German Auction House Ketterer Kunst’s Weekend Art Sales Achieved a Handsome Hammer Total of $43 Million

But the lukewarm sell-through rates across all five sales indicated that the market is volatile.

Wassily Kandinsky, Murnau (1908). Courtesy of Ketterer Kunst.

Munich-based auction house Ketterer Kunst concluded what it claimed to be the biggest auction of the year in Germany, raking in a total of €39.9 million ($43 million) after fees across five art sales over the weekend. The house also said that the hammer total of €31.6 million ($34 million) was the highest it has achieved this year.

While the news might paint a rosy picture of Germany’s auction market, especially amid the International Monetary Fund’s forecast that the country will overtake Japan as the world’s third largest economy this year, the reality is not as straight-forward.

Although the house managed to sell four lots above the €1 million ($1.1 million) mark at its evening sale on Friday (December 8), the hammer total of €22.6 million ($24 million) only surpassed the sale’s €20.3 million low estimate by €2.3 million. The sale’s top lot, Wassily Kandinsky’s 1908 painting Murnau, sold for €3.9 million ($4.1 million) including fees, which was well above the presale estimates. However, a sell-through rate of 72 percent and no withdrawals meant 21 lots of the 75 lots on offer did not find buyers.

Sales on Saturday (December 9), yielded mixed results. Hammer totals for two of the sales—A Collectors Modern Day Sale and one focused on 19th Century art—were slightly above the presale low estimates, with sell-through rates at 76 percent and 71 percent respectively. The hammer totals for the Contemporary Art Day Sale and the Modern Art Day Sale, however, fell short of the presale expectations, with sell-through rates at 64 percent and 51 percent respectively.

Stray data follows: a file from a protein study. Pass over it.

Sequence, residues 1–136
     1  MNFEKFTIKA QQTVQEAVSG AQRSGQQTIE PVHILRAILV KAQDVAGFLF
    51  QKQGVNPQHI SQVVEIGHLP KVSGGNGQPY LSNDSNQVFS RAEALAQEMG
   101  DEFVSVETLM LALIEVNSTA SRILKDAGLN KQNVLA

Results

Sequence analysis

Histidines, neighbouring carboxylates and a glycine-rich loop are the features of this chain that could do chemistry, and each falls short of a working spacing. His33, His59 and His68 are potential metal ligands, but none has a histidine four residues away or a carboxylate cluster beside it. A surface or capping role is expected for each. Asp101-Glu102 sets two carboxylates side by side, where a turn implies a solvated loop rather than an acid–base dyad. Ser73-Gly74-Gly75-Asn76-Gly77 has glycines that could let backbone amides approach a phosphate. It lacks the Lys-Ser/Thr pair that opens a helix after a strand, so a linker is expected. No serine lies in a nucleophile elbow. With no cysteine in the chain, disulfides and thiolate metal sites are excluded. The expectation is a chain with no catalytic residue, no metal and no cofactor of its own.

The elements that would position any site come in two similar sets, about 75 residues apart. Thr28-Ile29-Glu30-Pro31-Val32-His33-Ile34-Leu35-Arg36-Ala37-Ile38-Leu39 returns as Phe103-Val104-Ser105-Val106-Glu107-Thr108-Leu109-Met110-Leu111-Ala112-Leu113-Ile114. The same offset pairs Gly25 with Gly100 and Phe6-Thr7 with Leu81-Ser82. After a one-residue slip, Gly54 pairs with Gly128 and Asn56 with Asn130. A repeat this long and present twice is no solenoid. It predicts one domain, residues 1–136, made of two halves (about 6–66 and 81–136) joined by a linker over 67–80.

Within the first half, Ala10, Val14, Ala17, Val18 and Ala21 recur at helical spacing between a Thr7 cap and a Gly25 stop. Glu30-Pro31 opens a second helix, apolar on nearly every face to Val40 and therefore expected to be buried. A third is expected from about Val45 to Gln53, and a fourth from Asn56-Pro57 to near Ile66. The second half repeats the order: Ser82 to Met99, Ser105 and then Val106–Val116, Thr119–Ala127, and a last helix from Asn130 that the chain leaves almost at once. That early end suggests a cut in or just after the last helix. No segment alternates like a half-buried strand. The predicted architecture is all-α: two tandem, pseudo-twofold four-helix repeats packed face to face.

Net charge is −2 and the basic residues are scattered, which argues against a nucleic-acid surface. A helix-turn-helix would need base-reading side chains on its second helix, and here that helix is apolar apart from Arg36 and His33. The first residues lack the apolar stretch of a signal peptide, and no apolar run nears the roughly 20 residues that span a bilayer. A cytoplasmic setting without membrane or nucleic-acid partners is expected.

While the local market observers suggested that there was uncertainty in the air at the auction house on Friday evening, as the sales were a test in a volatile market, Ketterer Kunst maintained the results indicated a positive outlook for the country’s auction market, particularly at the top end.

The house cited the sale of lots by international names that rarely appear at auction in Germany. For example, Willem de Kooning’s 1977 work Garden Landscape sold for €241,300 ($253,365) after fees, well above the presale estimate of €90,000 ($94,500), and Antony Gormley’s sculpture Big Witness (2013), sold for €736,600 ($773,430) after fees against a presale estimate of €400,000 ($420,000).

“Strategically, we focus on quality, internationality and service,” Robert Ketterer, auctioneer and owner of the auction house, said in a statement. “The demand for selected quality and desirable rarities remains very high in Germany and abroad. Germany is becoming increasingly important as a location for auctions. This has enabled us to offer iconic works that would have gone to London or New York a few years ago.”

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